At its meeting scheduled for January 28, the Glendale Arts and Culture Commission is scheduled to review design concepts for two new public art installations on Artsakh Avenue, the rebranded stretch of Maryland Place which city officials have looked to brand as an arts and entertainment corridor. The two installations, which would have a combined price tag of just over $1 million, would include a decorative overhead canopy structure at center of Artsakh and a new gateway monument at Broadway. Each alternative would be slated for completion by late December 2022.

Here are the concepts under consideration for the "Overhead Artwork" category.

AgoraKnit, by Jenny Sabin Studio

View of AgoraKnitJenny Sabin Studio

Our proposal, AgoraKnit, is a responsive and sustainable civic environment that continually transforms through community engagement and participation. The name of the project speaks to its urban and material natures. Agora + Knit co-generate a diverse central public place, literally meaning “gathering”, through digital textile fabrication processes and the knitting of a collective, cohesive, social fabric. As a responsive community-focused urban intervention, AgoraKnit will enrich the day-to-day experiences of Gendale’s diverse community, inspiring moments of pause through an engaging and welcoming environment. Through its highly transformational nature, it will also become an alluring destination spot to the greater LA area and visitors/tourists. Our generative design approach will sensitively engage with these inputs, including incorporating color, high-tech responsive fibers, an optional misting system, and photoluminescent materials as a choregraphed dance of color and light constantly changing from day to night. The design strategy will provide shade, foster play and interaction, and promote performance, health, and wellbeing through soft light-filled forms, responsive materials, and areas that are transformational, beautiful, inclusive, and connecting. With two stage options, a modular and moveable larger stage, and a tower platform for smaller impromptu performances, AgoraKnit will also serve as a new performance space connecting to Glendale’s cultural infrastructure, such as the Alex Theatre, ACE 121 Gallery, the Brand Library & Art Center, and the City’s numerous multi-cultural organizations. AgoraKnit incorporates all five of ACC’s curatorial expectations through 1.) Direct physical engagement with the public; 2.) by creating multiple visual angles and approaches; 3.) continuous activation and transformation, day and night; 4.) the incorporation of cutting-edge technologies, high-tech sustainable and responsive materials, and highly creative mediums and computational design strategies; 5.) and sustainable, robust, and durable materials and design strategies that will require minimal maintenance.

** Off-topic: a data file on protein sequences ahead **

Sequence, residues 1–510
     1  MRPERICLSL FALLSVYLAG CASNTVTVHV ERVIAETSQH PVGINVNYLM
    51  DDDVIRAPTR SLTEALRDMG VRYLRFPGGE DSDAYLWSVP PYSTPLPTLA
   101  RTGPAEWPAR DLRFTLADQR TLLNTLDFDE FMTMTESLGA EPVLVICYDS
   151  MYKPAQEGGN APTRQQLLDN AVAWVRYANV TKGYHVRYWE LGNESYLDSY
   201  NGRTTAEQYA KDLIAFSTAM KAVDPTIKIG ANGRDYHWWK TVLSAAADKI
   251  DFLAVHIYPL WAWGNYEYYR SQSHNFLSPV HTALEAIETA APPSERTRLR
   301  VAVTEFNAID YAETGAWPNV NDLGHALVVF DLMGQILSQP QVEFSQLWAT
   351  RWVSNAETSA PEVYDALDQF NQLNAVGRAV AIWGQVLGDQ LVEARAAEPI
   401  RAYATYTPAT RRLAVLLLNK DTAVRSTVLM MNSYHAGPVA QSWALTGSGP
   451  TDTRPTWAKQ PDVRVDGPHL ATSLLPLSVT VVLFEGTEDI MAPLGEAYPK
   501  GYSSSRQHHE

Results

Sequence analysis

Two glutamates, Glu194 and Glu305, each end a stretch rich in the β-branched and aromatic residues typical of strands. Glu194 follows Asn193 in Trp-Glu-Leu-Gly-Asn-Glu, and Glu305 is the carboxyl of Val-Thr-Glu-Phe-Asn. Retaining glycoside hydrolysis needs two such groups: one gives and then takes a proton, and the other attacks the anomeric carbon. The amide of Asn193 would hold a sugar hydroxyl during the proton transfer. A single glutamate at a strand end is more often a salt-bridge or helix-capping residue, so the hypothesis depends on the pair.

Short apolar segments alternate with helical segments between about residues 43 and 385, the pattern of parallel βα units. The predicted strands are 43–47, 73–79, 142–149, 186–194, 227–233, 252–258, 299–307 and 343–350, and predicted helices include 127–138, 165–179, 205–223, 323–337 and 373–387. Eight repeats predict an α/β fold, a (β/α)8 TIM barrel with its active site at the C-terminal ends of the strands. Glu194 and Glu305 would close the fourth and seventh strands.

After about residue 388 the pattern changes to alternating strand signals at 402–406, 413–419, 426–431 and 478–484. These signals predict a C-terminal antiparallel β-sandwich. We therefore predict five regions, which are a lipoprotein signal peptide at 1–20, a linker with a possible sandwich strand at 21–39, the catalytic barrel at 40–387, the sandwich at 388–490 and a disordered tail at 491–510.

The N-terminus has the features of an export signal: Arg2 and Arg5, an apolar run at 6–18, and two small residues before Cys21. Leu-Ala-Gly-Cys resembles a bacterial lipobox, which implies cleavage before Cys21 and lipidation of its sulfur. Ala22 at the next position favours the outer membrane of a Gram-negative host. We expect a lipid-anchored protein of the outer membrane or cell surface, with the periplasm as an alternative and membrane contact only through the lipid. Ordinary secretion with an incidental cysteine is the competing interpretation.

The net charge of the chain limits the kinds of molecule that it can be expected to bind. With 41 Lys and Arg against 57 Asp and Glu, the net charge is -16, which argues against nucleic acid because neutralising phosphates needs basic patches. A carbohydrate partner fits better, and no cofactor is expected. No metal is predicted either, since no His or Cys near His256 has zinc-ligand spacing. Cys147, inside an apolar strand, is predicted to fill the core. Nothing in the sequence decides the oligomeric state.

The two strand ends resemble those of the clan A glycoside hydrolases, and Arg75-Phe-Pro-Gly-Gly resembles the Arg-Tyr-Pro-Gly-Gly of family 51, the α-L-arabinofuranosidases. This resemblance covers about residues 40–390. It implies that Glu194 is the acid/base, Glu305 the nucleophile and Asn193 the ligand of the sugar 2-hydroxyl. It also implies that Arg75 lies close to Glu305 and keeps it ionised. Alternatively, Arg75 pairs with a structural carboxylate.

Louvered Canopy, by Depena Studio

Louvered CanopyDepena Studio

Colored Metal Fins and Infrastructure (Suspended and Attached to Ground Footings Shown)

Bountiful, by Matthew Mazzotta

BountifulMatthew Mazzotta

BOUNTIFUL is a interactive kinetic sculpture and social space in the form of a “Tree” that provides multiple seating arrangements and a moving canopy activated by wind. The tree trunk of BOUNTIFUL is wrapped in images of fruit bearing plants that are native to Artsakh....

On first glance the colorful swaying tree is an exciting and whimsical image that one sees turning the corner onto Artsakh. For visitors who go under the shade structure of the large swaying tree canopy it is an immersive experience of shadows and colors. Images of flowering fruit plants native to Artsakh wrapping tree’s trunk. The playful nature of being dwarfed by the moving shade structure is enhanced by the multiple seating options of the “roots” and swing to spend time under the tree.